Photographic Impressionism in Monet’s Garden

Inspired by New Zealand-based impressionist photographer Eva Polak’s recent presentation to the club, I looked back in my photo archives to one of my first attempts at impressionist photography, at Monet’s Garden in 2013.

That Spring in Paris was very wet, but we chose a relatively sunny day to visit Giverny, the small village where Claude Monet and his garden lived. The gardens are not huge but are quite beautifully laid-out. I began my day just doing some straight photography of the flowers but quickly realized that a tulip is a tulip is a tulip and is therefore much the same, whether in France, Holland or the US. I’ve photographed flowers in many places around the world and without an environmental setting, there is little to distinguish one floral location from another one. So, a more creative approach was called for.

I began by mounting a neutral density filter on my lens. ND filters cut the amount of light coming into a camera’s sensor or film. This allows for long exposures in bright sunlight without overexposure. The effects can be quite dreamy with blurred clouds, mist-like surf, and silky-smooth waterfalls. To achieve those effects one must mount the camera on a tripod so that everything else that is not in motion, remains tack sharp. In Monet’s Garden I wanted a different look. Instead of mounting the camera on a tripod, I hand-held it for several-to-many seconds of exposure whilst moving it slowly about. Sometimes — since I was working with a zoom lenses — I would slowly rack the focal length in or out. The intent was to create photographic impressionism. I tried many different movement techniques, positions, and of course different flowers and arrangements.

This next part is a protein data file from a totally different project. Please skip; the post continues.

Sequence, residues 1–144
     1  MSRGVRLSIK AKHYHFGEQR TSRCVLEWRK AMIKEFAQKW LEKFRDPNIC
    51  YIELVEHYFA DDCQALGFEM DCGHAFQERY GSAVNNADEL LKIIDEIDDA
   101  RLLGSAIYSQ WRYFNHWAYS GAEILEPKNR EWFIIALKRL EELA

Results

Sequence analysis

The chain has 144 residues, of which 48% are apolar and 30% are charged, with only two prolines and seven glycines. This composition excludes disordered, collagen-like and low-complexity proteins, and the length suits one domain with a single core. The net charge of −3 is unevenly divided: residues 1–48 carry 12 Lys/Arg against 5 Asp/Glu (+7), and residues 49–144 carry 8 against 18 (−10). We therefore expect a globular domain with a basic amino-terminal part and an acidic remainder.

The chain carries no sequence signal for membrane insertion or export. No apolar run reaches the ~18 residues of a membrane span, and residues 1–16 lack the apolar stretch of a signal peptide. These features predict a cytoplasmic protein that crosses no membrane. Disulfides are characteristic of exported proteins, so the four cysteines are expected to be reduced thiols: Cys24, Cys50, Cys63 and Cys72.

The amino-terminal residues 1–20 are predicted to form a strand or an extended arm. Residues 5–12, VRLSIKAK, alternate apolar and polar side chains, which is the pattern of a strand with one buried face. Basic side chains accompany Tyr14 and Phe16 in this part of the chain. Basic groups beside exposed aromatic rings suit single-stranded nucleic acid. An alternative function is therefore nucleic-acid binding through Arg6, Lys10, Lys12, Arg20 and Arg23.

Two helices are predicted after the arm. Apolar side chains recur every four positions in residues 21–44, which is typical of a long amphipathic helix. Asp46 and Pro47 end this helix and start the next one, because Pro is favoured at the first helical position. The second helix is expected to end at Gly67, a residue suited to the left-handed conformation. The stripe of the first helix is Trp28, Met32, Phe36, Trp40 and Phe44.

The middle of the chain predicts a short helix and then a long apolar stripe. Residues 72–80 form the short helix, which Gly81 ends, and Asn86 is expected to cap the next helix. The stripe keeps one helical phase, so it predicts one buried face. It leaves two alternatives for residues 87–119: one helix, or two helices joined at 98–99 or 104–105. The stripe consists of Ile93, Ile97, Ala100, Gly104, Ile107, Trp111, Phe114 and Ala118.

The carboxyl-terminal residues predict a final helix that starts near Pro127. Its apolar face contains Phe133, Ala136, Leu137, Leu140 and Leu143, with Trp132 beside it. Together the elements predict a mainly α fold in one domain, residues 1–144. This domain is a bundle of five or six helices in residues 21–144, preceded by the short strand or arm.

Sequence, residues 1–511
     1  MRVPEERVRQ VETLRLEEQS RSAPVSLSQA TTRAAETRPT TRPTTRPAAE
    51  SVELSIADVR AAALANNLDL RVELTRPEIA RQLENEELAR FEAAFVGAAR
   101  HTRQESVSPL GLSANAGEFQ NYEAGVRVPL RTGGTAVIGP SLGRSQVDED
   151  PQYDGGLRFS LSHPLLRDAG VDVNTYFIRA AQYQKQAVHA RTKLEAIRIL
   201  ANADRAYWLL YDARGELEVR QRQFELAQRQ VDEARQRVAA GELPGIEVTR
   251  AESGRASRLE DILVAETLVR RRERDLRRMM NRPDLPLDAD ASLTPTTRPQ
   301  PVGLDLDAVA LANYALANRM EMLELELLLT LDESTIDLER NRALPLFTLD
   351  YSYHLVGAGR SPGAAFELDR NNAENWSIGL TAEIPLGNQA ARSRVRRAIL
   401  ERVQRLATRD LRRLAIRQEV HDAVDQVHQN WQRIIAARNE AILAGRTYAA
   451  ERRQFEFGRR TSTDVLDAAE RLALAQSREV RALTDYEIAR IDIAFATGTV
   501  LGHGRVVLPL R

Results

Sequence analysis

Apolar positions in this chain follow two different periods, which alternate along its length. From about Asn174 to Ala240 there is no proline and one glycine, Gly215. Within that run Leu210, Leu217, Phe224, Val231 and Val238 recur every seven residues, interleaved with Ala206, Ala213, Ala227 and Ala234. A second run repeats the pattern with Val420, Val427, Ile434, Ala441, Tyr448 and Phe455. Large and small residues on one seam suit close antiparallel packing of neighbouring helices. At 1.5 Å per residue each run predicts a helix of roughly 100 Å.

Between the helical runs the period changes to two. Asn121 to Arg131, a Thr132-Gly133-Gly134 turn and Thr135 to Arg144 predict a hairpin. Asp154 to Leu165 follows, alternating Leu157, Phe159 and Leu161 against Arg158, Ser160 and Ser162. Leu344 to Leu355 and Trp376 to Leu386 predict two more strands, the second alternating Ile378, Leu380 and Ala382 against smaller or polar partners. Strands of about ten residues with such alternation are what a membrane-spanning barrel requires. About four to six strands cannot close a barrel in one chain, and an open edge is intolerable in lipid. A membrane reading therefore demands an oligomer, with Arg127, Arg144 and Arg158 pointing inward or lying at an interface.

It was not clear what I would end up with until later that evening when I began processing the files. Many of the images were either too blurry or too boring (or both) but a small handful held promise. With further processing — including some multi-exposure stacking — a small body of images emerged from that shoot. These then are a sampling of my “impressions” of Monet’s Garden. No post-process software filters or painterly effects were applied, though I do that on occasion and often quite like the results.

I am pretty certain that were Claude Monet alive today he would be painting, rather than creating “photo impressions.” His work was and is very tactile and there is something very physical about using brush and palette knife, canvas and paints. Yes, he would still be a painter. But, I am not, and so this is my photographic nod to his genius.

Jeff Clay
WCC Board Chair

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